Vivi Tipici

First off, it's not "vivi tipici," it's "vini tipici." We have been calling it "vivi" because of a typo on a road sign. At least, we think it was a typo.
San Marino has a small wine consortium that produces almost all of the alcohol in the country. There are a few older vintages left over from more fragmented times, but today it is mostly about cheaper whites and reds that are sold in bulk to bars and (sometimes) in bottles to tourists. It's not bad, but it's best drunk without thinking about it. The bottles above, which are two of the better products, cost €4.50 and €2.00 (left and right), and are definitely palatable.
At the wine consortium in Borgo Maggiore - which is the town at the ocean-side foot of Monte Titano - the fermentation tanks dominate the parking lot. It's quite the sight, but it's also a pretty small scale operation when you consider that it's the entire county's output.
This Saturday, a surprising number of people were driving in, parking and unloading empty bottles from their trunks. The bottles ranged in size from one liter plastic things, to larger glass jugs to these enormous vessels. There are four gas-pump type filling stations in the shop - two for white, two for red - and a bleary eyed man running the nozzles.
The price per liter was €1.65 at three of the pumps, and €1.25 (marked as a sale!) on the fourth. Most people seemed to want this red, but we opted instead for two others: the Riserva Titano Brut Frizzante and the Castelli Sammarinesi Vino Bianco. Both were in bottles. We might have filled up our own containers, but didn't have anything that seemed suitable.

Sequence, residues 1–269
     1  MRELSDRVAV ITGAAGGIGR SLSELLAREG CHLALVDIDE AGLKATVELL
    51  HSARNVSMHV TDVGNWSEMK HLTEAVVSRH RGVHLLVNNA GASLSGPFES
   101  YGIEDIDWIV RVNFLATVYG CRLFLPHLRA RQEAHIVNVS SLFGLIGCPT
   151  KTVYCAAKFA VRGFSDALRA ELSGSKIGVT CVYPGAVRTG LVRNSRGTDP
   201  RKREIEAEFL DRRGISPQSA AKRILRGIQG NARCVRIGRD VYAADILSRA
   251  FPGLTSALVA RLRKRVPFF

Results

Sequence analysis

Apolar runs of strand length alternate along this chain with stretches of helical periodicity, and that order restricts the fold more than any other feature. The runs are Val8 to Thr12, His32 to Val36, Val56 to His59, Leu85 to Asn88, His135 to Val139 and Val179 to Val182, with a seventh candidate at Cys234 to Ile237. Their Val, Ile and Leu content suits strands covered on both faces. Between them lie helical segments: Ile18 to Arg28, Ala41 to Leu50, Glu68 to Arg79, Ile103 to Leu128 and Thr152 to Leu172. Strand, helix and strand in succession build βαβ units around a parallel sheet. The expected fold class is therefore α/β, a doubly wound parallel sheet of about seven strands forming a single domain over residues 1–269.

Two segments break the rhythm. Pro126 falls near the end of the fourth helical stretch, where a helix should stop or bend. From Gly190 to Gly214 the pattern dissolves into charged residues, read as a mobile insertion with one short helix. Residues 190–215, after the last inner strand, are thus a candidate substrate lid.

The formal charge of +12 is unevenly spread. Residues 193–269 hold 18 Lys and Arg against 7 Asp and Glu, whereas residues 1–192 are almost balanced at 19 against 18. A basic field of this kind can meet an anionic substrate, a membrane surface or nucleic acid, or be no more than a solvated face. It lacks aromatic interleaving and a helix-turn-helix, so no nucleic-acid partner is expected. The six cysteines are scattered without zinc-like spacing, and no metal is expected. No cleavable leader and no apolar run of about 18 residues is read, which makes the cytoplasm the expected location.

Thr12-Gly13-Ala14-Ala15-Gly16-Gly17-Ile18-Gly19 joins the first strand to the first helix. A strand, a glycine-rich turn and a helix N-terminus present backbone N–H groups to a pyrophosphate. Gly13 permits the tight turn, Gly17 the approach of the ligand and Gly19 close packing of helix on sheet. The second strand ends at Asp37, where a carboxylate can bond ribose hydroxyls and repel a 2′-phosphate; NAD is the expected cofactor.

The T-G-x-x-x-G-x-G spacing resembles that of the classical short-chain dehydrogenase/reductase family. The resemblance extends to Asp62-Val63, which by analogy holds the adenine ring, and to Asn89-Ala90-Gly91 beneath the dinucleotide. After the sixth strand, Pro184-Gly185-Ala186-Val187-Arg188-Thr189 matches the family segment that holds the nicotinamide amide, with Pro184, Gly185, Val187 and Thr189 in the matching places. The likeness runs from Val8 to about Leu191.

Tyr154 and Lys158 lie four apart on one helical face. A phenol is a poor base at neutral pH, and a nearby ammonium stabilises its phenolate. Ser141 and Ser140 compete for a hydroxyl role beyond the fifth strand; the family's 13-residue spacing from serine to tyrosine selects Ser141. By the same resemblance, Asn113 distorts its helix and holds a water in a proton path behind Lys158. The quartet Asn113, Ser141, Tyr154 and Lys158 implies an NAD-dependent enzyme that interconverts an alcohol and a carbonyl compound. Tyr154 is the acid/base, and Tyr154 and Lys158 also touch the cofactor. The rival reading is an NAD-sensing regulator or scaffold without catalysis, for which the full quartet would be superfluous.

Most of the customers were older and seemed to know the pump attendant. I'm sure some of them were picking up orders for restaurants, but some obviously were just getting their week's supply of table wine. At €8.25 for five liters, i'd say they were getting a deal.
Later, we stopped at a vineyard on the way to Faetano. The leaves are just beginning to unfurl from the vines. They're a magnificent spring-green. In the background, Monte Titano rises up and the edge of Borgo Maggiore can be seen (the cluster of houses at right, under the cliffs). There is quite a bit of land under vine in little San Marino, but it appears to be secondary to olive production.
We drank the frizzante last night with our picnic of tomato, cheese, lambstongue, artichoke and piadina. It wasn't optimally cold or served in the right glasses, but that doesn't really matter. The bottle certainly emptied quickly enough. It is probably our favorite of the San Marino wines, though we are fond of the frizzante served on tap in all the bars.
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